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Top stories of 2012

Protesters confront city engineer Amer Afridi at a busy Cloverdale intersection in June. - File
Protesters confront city engineer Amer Afridi at a busy Cloverdale intersection in June.
— image credit: File

JANUARY

Strange lights

A UFO expert says Surreyites saw something unexplained in the skies over Cloverdale after a spate of reports flood in over the holidays.

Brian Vike says as many as nine different eyewitnesses reported seeing strange lights in the night sky.

Normally, most sightings can be explained as stars, planets, aircraft, satellites – and meteors, which he suspects is the culprit in this case.

A few of the local reports, however, involve seeing round orange lights in formation, and Vike figures those sound like floating paper lanterns.

Vike’s theory is later strengthened by additional eyewitness reports from Cloverdale residents, including one who followed a 'UFO' to where it crashed, and found a crumpled paper lantern.

A turning point

Exotic dancers put in their final performance at Cloverdale’s Legacy Showroom.

The strip club at the Clover Inn is shut down, signaling the end of an era when it comes to adult entertainment – and presenting a turning point for the historic town centre. Critics regarded the club as a “cancer” hindering revitalization efforts.

In closing it down, hotel co-owner Andrew Knott said he was responding to pressure from civic and business leaders, along with Surrey’s law enforcement officials.

He said the decision was an act of good faith to the establishment’s neighbours, who had lobbied to shut the club down as a condition of sale for the motel, as well as relocating the liquor store license.

 

FEBRUARY

New Legion shelved

The plan to build a new home for the Cloverdale Legion as part of the redevelopment plan for the former Cloverdale Mall is put on hold.

Proponents TL Housing Solutions/Townline Homes Inc. and the Surrey City Development Corp. will focus instead on a different phase of the project, citing rising project costs and current market conditions.

“We’re going to start a different phase and put services in and get the overall project going,” SCDC CEO Jim Cox said. “We hope that by under taking some activity there, that the world’s going to see that it’s a developing place and more than an empty parking lot.”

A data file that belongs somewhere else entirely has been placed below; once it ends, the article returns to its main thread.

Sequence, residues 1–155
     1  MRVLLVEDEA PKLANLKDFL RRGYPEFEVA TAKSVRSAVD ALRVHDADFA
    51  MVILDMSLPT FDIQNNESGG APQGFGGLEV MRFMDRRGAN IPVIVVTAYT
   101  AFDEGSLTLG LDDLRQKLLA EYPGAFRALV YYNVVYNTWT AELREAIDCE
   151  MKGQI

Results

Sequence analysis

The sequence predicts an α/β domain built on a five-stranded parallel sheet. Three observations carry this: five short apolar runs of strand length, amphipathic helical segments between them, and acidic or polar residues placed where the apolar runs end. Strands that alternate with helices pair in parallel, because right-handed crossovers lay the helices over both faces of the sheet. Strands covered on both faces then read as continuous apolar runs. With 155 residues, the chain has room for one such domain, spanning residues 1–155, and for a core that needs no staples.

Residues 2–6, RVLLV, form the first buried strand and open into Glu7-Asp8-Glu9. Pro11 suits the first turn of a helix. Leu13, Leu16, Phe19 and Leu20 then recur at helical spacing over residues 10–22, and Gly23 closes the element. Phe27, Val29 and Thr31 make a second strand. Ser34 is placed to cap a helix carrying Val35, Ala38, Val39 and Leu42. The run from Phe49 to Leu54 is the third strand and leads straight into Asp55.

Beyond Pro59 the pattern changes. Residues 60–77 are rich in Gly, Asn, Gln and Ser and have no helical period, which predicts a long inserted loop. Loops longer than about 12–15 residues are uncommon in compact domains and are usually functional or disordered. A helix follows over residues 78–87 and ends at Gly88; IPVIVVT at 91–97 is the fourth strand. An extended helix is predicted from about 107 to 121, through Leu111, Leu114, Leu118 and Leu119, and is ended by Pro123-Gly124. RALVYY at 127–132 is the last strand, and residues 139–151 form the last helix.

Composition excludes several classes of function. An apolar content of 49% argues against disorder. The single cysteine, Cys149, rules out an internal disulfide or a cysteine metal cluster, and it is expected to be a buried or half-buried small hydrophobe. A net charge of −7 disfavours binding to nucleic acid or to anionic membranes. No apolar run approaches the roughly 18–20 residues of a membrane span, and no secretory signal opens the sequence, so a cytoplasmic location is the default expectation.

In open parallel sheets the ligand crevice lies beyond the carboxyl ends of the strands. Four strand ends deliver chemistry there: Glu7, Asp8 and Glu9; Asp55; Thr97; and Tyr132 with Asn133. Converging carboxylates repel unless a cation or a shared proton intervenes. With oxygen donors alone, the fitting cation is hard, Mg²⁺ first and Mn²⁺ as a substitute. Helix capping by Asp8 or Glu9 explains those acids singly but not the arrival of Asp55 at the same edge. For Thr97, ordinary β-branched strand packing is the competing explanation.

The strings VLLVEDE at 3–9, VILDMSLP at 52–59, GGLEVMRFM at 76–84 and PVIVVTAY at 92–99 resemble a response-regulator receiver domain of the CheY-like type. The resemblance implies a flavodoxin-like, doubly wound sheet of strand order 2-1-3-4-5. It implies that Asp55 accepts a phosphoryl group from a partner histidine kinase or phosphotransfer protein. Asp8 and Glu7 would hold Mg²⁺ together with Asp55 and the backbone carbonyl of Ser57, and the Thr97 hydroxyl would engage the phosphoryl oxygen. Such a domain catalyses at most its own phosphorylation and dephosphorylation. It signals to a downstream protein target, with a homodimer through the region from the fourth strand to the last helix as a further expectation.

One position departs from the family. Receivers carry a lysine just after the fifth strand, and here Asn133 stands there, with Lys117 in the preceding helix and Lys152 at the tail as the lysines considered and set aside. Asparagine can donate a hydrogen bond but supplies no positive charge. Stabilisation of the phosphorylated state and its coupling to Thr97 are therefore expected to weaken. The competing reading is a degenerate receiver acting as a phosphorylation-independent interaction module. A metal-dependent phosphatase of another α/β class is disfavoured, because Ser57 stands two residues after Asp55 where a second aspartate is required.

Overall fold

Running late

A society of heritage rail enthusiasts won’t be moving to a new home in Cloverdale until the summer, later than originally planned.

Construction on the Fraser Valley Heritage Railway Society’s new operations was supposed to begin months ago, but the project is six months behind schedule. The project hit a snag when contaminated soil was discovered on the property at 5554 176 Street, site of a future car barn.

 

Welfare's challenging

Twenty-six pounds lighter and minus the backpack he sells to pay for a SkyTrain ticket, Fleetwood-Surrey MLA Jagrup Brar arrived back home after spending a month on the welfare challenge.

The experience of living on $610 – the amount of assistance for single, employable people – left him wiser about the plight of those living on social assistance who are supposed to be looking for work.

Instead of finding a job, Brar said he wasted hours lining up for free meals or showers. He also discovered affordable housing is the number one issue for people living in poverty.

 

Population boom

Surrey added more new residents than any other city in Metro Vancouver, according to the 2011 Census results. And while Cloverdale grew modestly over the past five years, East Clayton to the northeast boomed. Stats Canada figures show the area is home to 14,034 people. That’s more than three times the 2006 count of 4,132, making it the fastest-growing census tract in Metro Vancouver.

Surrey’s population grew to 468,251.

http://raven.b-it.ca/portals/uploads/cloverdale/.DIR288/GeorgeGreenawaypicket-ES.jpg

[Teachers protest outside George Greenaway Elementary in March. FILE PHOTO]

MARCH

It’s war

The Cloverdale Chamber of Commerce and BIA declare war on graffiti makers in Clayton, where taggers and vandals are keeping a zero-tolerance removal crew hopping.

The chamber is offering a $1,000-reward to anyone who catches someone in the act.

“It creates a feeling that the community doesn’t care,” contributing to an atmosphere of neglect and acting as a breeding ground for property crime, Chamber executive director Bill Reid said.

Jen Temple, Hillcrest Mall manager, applauds the initiative, citing a growing problem with graffiti at the mall. Zero tolerance sends out a clear message and frustrates the culprits, she says.

 

Pony up

Fraser Downs Racetrack and Casino opens a well-appointed new poker room, joining other casinos in the Lower Mainland and neighbouring Washington state with this added amenity.